CBN, Banks Set Aside N300bn For Agricultural Lending In 2016
… Plans To De-risk Agric Value Chain
BEVERLY HILLS, December 13, (THEWILL) – In an effort to grow and diversify the economy from oil, the Central Bank of Nigeria (CBN) and the Deposit Money Banks (DMBs) have set aside N300 billion for agricultural lending next year.
To achieve this objective, the Bankers' Committee plans to de-risk the agricultural value chain.
The targeted fund would accommodate not only the small and medium enterprises (SMEs), also large-scale farming; companies in the agricultural sector, Godwin Emefiele, governor of CBN, said at the end of the seventh Annual Bankers' Committee Retreat, held in Lagos.
He explained that the increase in lending to the agric sector would translate to reduction in the demand of foreign exchange that would help conserve Nigeria's foreign reserves and strengthen its currency.
Beside the need to support the agric sector, he added that the committee deliberated on the need to help support government's effort to boost SMEs and infrastructure – power and transportation, employment of young graduates and diversify the economy from oil.
Addressing the media after the retreat, he said the banking industry, rising from the two-day retreat generally agreed to increase lending to the agric sector, following meetings with ministers for finance, agriculture and rural development, power, works and housing, solid minerals and others.
“Part of the issue is how to increase support for agriculture value chain, what the various stakeholders need to do in order to encourage banks to grant credit facilities to the agricultural sector so as to stimulate growth. How and what should be done to develop large-scale commercial farming in Nigeria in order to boost agricultural productivity,” he said.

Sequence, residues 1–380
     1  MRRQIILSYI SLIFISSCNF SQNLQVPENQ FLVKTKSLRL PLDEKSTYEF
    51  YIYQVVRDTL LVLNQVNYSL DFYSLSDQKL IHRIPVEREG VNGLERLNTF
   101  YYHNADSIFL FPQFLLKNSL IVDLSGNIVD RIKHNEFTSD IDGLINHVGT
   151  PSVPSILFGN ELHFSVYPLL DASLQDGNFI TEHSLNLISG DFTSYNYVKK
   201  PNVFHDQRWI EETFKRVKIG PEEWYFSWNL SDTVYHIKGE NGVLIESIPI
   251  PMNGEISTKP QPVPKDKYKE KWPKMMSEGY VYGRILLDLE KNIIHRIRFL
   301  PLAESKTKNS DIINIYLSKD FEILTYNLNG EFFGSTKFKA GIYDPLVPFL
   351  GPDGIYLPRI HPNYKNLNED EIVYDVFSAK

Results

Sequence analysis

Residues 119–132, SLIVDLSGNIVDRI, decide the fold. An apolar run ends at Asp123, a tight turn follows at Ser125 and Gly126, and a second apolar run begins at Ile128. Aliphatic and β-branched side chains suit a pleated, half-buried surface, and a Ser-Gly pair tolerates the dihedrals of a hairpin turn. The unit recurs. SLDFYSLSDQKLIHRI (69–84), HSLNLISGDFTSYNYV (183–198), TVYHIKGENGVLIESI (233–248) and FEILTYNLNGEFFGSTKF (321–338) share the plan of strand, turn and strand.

The Bankers' Committee also looked at financing of SMEs, which they recognised there was need for paradigm shift in the feeling that SMEs were endangered sector to lend money. The committee also recognised that the BVN would help in creating a pool of SMEs loans in the country, and however agreed on the need to take identified SMEs through capacity building, skills such as how to keep records and run their businesses. This will help to make the SMEs more bankable, they said.
Emefiele noted that the previous outcomes of Bankers' Committee had helped to increase lending to manufacturing sector, facilitate finance to the power and aviation sectors, and incentivise lending to the agricultural sector.
He, however, stressed on the need to get more people to be employed through the support of the banks to begin to see how they can lower its risk acceptance criteria to give support to young graduates.
“Banks agreed to support all efforts of government to boost employment of young graduates in the country. In the area of infrastructure, the banks identified power, transportation and other part of infrastructure as strong enablers and drivers of growth in the economy.”
“They agreed to play their part to support financing of power and transportation infrastructure but all hands should be on deck not just from the side of monetary authorities but fiscal authorities,” Emefiele said.